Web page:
Cell and tissue lysis, Western blot, and Triton X-114 cellular fractionation, were performed as described,6 except for using chemiluminescent detection (GE Healthcare). Densitometric analysis used ImageJ 1.42b software (National Institutes of Health). Total protein was assayed by BCA (Pierce). A modified ELISA performed directly on fixed EC monolayers5 using a FLUOstar Omega multimode microplate reader (BMG LABTECH), measured TFPI and ADTRP levels associated with the cells, separately on the cell surface and on cells permeabilized with 0.01% saponin. We expressed the antigen levels as ratios between the absorbance of the peroxidatic reaction (measured at 450-nm after cleavage of ortho-phenylenediamine [OPD; Sigma] substrate) and the fluorescence intensity of DAPI, the latter added to the EC monolayers for cell number normalization. Flow cytometry was performed on fixed cells as described,31 using a FACScan flow cytometer and CellQuest Pro Version 5.2 (BD Bioscience).
Data collection and statistical analysis
All results are reported as mean ± SD for activity assays and mean ± SEM for qRT-PCR and image analysis. We used Prism Version 5.0c (GraphPad) to perform the unpaired t test, 1-way ANOVA, and Pearson's correlation analysis. Differences were considered significant when P < .05. All experiments were repeated at least 3 times unless otherwise mentioned. n indicates number of experiments, with each assay typically run in triplicate.
Androgen-dependent TFPI regulating protein (ADTRP): a novel protein that coregulates with TFPI
We used the previously reported23 and validated38 in silico data mining approach to identify novel genes associated with TFPI. The method used a global meta-analysis (GAMMA) of NCBI's GEO 2-color microarray datasets to identify genes that were consistently and specifically coexpressed with each other across heterogeneous conditions, and was guided by a literature-based analysis of the published associations of the coregulated genes (details in supplemental Methods and Tables 1-3, available on the Blood Web site; see the Supplemental Materials link at the top of the online article). Based on the relative frequencies of each term in MEDLINE, the association was significant (P < .01). C6ORF105 (Entrez Gene ID 84 830; chromosome location 6p24.1) was chosen for analysis from among the highest-scoring unknown genes. As shown in Figure 1A, C6ORF105 (ADTRP) has a strong pattern of parallel coexpression with TFPI, and a statistically significant positive correlation (Pearson's r: 0.636; r2: 0.405; slope deviation from zero highly significant).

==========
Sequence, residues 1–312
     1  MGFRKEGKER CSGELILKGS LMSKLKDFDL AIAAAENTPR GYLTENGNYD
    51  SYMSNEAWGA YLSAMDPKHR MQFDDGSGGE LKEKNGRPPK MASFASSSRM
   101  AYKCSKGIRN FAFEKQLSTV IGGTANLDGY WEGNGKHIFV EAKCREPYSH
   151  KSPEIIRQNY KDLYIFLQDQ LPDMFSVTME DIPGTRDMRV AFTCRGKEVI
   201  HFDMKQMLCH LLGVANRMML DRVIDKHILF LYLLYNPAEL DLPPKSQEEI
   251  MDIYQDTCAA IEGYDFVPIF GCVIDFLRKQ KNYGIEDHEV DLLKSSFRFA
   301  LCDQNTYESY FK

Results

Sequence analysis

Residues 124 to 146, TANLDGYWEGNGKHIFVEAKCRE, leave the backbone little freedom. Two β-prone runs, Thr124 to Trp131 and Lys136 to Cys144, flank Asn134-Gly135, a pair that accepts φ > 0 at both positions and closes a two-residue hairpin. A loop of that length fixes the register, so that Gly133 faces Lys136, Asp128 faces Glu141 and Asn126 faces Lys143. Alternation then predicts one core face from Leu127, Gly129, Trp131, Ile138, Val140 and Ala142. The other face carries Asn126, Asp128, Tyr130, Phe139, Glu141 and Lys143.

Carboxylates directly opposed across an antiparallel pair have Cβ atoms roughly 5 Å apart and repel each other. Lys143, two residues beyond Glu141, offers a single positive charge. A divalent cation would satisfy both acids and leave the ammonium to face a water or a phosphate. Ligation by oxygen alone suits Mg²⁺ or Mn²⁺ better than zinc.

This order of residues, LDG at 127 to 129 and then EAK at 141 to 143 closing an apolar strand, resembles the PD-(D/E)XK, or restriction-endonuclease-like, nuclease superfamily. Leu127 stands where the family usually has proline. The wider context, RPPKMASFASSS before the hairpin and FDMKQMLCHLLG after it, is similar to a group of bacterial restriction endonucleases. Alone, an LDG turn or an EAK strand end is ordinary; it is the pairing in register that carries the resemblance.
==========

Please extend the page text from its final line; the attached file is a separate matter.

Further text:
According to UniProtKB/Swiss-Prot, the protein encoded by C6ORF105 (Protein Q96IZ2) is likely to have 2 isoforms, Mw ∼ 27-29 kDa, and 3-6 predicted trans-membrane domains. Details about sequences and putative domains are given in supplemental Figure 1. Based on sequence similarities, this protein belongs to the AIG family. AIG1 was cloned from human dermal papilla cells and is homologous to hamster FAR-17a.39 The in vivo function of the protein encoded by C6ORF105 is yet unknown.
ADTRP is expressed in cultured ECs and various tissues
qRT-PCR verified that ADTRP was expressed in both HUVECs and EAhy926, as well as in the baboon lung. Ct values (mean ± SEM) for ADTRP mRNA expression were, 22.5 ± 0.7 for HUVECs (n = 8) and 23.10 ± 0.61 for EA.hy926 cells (n = 12), which are strong positive reactions indicative of abundant mRNA. For the baboon lung, Ct = 34.5 ± 0.91 (n = 4).
Western blot using our custom-made anti-ADTRP IgG revealed bands consistent with the predicted Mr (∼ 28 kDa) of the C6ORF105-encoded protein in the positive control from OriGene (Figures 1Bi lane CTR; FLAG-tagged protein encoded by C6ORF105 expressed in HEK293T cells). The fusion protein is hereafter designated ADTRP-FLAG. Endogenously expressed ADTRP was similarly detected in lysates of EA.hy926 cells (Figure 1Bi lane EC), HUVECs (see Figure 2A lane 1), and baboon lung and human placenta (Figure 1Bii). For the latter, probing with anti-TFPI IgG is also shown for comparison.
By immunofluorescence, ADTRP colocalized with TFPI on the cell surface (Figure 1C, HUVEC), and with both TFPI and Cav-1 intracellularly (not shown). The percentage of TFPI colocalizing with ADTRP (and reciprocal) was ∼ 65% for the cell surface and ∼ 80% in permeabilized cells. After applying our previously described triple immunostaining approach6 to detect TFPI and ADTRP on the cell surface and Cav-1 after permeabilization (Figure 1D), we calculated a mean overlap of 75% between cell surface TFPI and ADTRP and sub-membrane Cav-1, with ∼ 65% of ADTRP itself overlapping Cav-1. Control immunostaining using the rabbit pre-immune sera, as well as irrelevant rabbit IgG and omission of the first antibody, all gave negative results (not shown).
In the baboon aorta, ADTRP colocalized with Cav-1 in the endothelium and with TFPI in both the endothelium and smooth muscle cells (Figure 1E-F).